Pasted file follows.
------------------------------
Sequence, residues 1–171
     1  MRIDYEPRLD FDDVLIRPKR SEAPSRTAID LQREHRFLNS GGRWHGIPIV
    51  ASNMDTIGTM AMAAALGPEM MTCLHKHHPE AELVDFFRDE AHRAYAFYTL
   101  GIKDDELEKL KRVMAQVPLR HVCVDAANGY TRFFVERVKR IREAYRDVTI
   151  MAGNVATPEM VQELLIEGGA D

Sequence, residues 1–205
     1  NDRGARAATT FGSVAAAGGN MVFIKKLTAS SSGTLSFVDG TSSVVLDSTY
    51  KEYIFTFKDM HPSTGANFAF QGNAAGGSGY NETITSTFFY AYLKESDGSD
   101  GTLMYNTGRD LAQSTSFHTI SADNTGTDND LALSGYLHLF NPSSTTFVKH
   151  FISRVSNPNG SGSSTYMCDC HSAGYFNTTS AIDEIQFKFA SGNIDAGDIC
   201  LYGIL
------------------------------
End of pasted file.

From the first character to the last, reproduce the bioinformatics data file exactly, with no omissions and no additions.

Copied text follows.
Sequence, residues 1–171
     1  MRIDYEPRLD FDDVLIRPKR SEAPSRTAID LQREHRFLNS GGRWHGIPIV
    51  ASNMDTIGTM AMAAALGPEM MTCLHKHHPE AELVDFFRDE AHRAYAFYTL
   101  GIKDDELEKL KRVMAQVPLR HVCVDAANGY TRFFVERVKR IREAYRDVTI
   151  MAGNVATPEM VQELLIEGGA D

Sequence, residues 1–205
     1  NDRGARAATT FGSVAAAGGN MVFIKKLTAS SSGTLSFVDG TSSVVLDSTY
    51  KEYIFTFKDM HPSTGANFAF QGNAAGGSGY NETITSTFFY AYLKESDGSD
   101  GTLMYNTGRD LAQSTSFHTI SADNTGTDND LALSGYLHLF NPSSTTFVKH
   151  FISRVSNPNG SGSSTYMCDC HSAGYFNTTS AIDEIQFKFA SGNIDAGDIC
   201  LYGIL